The first image shows a damaged house, pieces of wood that once made up the residence scattered about the ground like kindling. A section of the first-floor roof appears to be teetering, threatening to collapse at any moment, while the windmill and converted silo standing to the rear appear to have escaped the ordeal mostly unscathed. The foreground is dominated by flattened phragmites.
The second captures an enormous beachfront home, its third floor storm shutters still in place and whose ground floor appears to have stood in the path of an unyielding and undeniable ocean. Five men are frozen in time as they appear to be simultaneously stabilizing and boarding up the weather-beaten structure.
Both black-and-white photographs—the first of a house near Lake Agawam, and the second of a home along Meadow Lane—were taken in Southampton Village shortly after the Category 3 hurricane, later named “The Long Island Express,” steamrolled the East End on the afternoon of September 21, 1938.
But the common thread between the two does not end there.
Both images were reproduced from old-time glass plate negatives recently uncovered by Neal Thomason, the former owner of the Morris Studio in the village, and his former longtime employee, Mary Godfrey, owner of Mary Godfrey Photography.
Both were most likely taken by George Morris, the founder of the studio that opened in 1892 and was most recently owned by Thomason and his late father, Jim Thomason.
And both were never viewed by the public prior to the August opening of a year-long exhibit, titled “Morris Studio: The Unseen Collection, Photographs of Southampton 1892-1940,” now on display at the Southampton Historical Museum at the Rogers Mansion on Meeting House Lane.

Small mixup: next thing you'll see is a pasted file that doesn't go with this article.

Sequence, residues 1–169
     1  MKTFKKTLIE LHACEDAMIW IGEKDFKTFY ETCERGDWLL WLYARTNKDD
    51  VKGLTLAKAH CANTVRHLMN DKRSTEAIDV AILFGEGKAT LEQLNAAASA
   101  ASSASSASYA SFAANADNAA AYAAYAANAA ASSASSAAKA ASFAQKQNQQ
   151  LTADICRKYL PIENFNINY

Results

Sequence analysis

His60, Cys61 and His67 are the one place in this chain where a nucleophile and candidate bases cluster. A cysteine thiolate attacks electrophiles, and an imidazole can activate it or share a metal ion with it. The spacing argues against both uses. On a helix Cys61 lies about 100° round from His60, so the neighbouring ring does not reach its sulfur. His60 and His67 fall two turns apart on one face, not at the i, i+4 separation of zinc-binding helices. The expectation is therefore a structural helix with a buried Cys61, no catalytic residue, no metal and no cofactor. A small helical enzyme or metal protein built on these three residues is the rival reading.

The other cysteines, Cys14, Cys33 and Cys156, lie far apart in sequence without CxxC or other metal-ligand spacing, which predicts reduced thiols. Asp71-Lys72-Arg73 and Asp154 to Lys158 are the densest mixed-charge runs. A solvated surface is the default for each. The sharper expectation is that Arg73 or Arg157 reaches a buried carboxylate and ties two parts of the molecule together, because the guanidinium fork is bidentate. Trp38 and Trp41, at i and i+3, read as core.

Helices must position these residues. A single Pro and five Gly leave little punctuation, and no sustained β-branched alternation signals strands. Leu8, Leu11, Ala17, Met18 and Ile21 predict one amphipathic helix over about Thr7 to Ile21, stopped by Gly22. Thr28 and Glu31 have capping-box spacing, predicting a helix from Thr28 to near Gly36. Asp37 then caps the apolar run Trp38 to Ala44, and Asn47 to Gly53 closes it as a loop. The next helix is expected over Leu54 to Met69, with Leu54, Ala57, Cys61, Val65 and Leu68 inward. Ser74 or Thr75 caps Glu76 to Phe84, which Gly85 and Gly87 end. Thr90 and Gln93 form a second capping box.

“The one of the house that’s on the beach, that one is a bit softer,” Godfrey says. “But the one of the house near the lake, the resolution is so sharp that it blows my mind. You can see the grain of the wood.”
She estimates that of the roughly 5,000 negatives recently discovered by herself and her former employer, between 30 and 40 of them show damage from the Hurricane of 1938. Though they are still reviewing negatives, Godfrey says most of those capture images of life in eastern Southampton Town in the days immediately following the storm making landfall.
For now, the two aforementioned storm photos are the only ones on display as part of the exhibit that features hundreds of other unique images of the Hamptons taken over a 48-year span. However, the plan is to rotate those prints every few months and, with those opportunities, introduce other never-before-seen photographs, including those showing the damage caused by the hurricane. The next set of storm photos could be unveiled in early 2019, according to Godfrey.
And based on early reviews, the public appears eager to see more of them.
“They love them,” Godfrey says. “People are actually purchasing the prints off the walls.”